The fact that sociology is not primarily a product of the schools has escaped the attention of most observers. Popular attempts to explain present forms of society, and to get favorably placed for effecting change in social conditions are as independent of the schools as they are of the seasons. Some scholars are still of the opinion that sociology is not only without form and void, but that it must forever remain so, because nothing in the nature of things sanctions it; and the name is therefore merely a device to give new theorists a place. These critics know little about the deep currents of present popular thought. It is a very callow sociologist who imagines that he and his colaborers are inventing the subject-matter of a new science. They are trying to perfect means of answering obtrusive questions about society which the ordinary man is proposing every hour. They are not creating but merely representing popular curiosity. Life is so much more real to the people than to the schools that the people are no sooner possessed of some of the tools of thought, and some means of observation, than they proceed to grapple with more vital questions than the scholars had raised. Hence social philosophies, popular in source, partial in content, but potent in political effect, get vogue before scholars know the terms of the conditions which these rule-of-thumb philosophies claim to explain. The doctrines of professional sociologists are attempts to substitute revised second thought for the hasty first thoughts composing the popular sociologies in which busy men outside the schools utter their impressions.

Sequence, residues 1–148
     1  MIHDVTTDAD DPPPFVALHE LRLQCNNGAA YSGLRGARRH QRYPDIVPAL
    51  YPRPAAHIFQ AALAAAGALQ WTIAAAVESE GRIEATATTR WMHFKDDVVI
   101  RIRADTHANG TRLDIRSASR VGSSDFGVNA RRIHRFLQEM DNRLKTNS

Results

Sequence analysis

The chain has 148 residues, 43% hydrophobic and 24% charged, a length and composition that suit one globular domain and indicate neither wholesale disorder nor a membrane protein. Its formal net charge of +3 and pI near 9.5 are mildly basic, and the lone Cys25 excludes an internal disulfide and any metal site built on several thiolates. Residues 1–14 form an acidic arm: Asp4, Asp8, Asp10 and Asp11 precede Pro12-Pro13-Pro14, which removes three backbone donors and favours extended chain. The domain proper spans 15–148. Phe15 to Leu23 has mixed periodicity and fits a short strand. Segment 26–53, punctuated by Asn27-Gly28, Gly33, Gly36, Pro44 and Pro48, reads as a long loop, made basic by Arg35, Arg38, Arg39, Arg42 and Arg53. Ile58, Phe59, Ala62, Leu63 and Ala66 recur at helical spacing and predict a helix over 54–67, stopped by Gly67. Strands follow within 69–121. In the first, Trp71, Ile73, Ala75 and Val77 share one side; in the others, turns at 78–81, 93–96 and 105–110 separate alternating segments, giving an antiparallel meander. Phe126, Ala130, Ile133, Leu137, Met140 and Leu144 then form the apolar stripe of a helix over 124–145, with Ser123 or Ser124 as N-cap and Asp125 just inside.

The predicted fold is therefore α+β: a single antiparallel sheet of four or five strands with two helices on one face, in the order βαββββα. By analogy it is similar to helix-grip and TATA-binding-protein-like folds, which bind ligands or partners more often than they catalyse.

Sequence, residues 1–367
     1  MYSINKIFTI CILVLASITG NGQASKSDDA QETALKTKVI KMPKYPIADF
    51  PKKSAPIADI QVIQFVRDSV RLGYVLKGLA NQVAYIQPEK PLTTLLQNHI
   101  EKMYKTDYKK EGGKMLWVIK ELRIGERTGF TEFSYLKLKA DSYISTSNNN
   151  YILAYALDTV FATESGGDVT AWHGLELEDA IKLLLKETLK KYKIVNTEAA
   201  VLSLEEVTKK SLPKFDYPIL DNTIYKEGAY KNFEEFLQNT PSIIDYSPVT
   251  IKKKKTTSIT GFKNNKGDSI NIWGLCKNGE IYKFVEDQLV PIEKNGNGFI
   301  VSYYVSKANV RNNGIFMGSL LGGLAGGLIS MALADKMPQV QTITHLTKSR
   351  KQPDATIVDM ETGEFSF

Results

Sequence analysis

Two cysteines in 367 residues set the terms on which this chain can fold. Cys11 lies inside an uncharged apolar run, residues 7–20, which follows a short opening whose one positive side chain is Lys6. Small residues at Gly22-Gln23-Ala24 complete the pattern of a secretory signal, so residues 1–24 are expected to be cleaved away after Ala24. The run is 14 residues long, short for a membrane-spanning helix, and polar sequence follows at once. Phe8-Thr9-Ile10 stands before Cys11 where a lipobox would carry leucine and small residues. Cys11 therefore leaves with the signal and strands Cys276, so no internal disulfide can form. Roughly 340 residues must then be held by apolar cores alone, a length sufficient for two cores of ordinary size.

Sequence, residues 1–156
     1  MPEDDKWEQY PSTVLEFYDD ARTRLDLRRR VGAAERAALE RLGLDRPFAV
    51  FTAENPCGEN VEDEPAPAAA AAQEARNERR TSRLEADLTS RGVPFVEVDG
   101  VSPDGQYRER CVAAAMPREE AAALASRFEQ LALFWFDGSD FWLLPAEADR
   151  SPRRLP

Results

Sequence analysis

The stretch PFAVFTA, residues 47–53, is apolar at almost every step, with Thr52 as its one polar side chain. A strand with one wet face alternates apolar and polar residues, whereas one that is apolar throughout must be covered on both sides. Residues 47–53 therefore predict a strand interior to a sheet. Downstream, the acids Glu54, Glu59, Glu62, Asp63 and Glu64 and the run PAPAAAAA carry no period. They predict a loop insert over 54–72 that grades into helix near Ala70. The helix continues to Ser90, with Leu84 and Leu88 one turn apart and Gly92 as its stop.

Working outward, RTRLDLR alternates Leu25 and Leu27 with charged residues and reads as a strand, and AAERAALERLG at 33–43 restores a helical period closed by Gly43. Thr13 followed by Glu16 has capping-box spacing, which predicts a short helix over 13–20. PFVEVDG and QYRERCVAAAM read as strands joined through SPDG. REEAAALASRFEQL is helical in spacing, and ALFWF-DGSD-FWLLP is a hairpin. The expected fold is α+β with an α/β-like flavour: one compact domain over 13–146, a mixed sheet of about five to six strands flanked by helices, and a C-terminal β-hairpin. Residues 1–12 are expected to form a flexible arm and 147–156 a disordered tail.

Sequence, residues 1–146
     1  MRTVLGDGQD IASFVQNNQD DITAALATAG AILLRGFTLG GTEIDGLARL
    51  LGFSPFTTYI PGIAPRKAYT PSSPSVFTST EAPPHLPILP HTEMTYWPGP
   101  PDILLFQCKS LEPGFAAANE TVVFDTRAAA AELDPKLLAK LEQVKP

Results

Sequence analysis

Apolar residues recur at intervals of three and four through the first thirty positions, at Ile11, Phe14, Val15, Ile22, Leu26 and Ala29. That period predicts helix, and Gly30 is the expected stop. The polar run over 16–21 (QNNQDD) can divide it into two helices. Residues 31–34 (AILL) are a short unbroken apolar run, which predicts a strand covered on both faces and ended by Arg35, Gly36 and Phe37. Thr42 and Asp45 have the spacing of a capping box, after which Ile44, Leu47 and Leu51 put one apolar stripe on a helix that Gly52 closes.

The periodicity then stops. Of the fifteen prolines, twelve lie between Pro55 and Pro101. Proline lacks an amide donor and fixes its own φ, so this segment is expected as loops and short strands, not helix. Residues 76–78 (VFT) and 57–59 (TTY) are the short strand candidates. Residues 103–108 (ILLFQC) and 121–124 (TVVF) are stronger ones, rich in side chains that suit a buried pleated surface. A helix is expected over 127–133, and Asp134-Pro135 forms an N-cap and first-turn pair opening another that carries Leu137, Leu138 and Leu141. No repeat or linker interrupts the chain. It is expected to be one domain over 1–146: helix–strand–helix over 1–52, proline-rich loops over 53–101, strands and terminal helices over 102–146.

V. The facts thus sketched constitute a strenuous demand for authentic social philosophy. Are men on the whole sane, or hysterical, or possibly paranoiac, in their attitude toward real and possible social conditions? Are the postulates of our social introspection valid or invalid? Have we learned all that can be known about the antecedents of present conditions, about the standards by which these conditions should be judged, about the type of future conditions toward which it is rational to aim, about the means at the disposal of man for the creation of a different social order? Unless they have a monopoly of such fundamental and circumstantial and comprehensive social philosophy, accredited by every pertinent scientific sanction, many men exercising the office of public teacher today are grievously sinning against their fellows by aggressive and inflammatory sociological dogmatism. Science makes common cause with every other human interest when it insists that there must be adequate investigation and formulation of the conditions of human welfare before there can be any credible programmes for the wholesale promotion of welfare. The institutions which our generation inherits may be very crude, but they are the deposit of all the wisdom and goodness of the ages, in reaction with the ignorance and the evil. He who would reorder them should first understand them.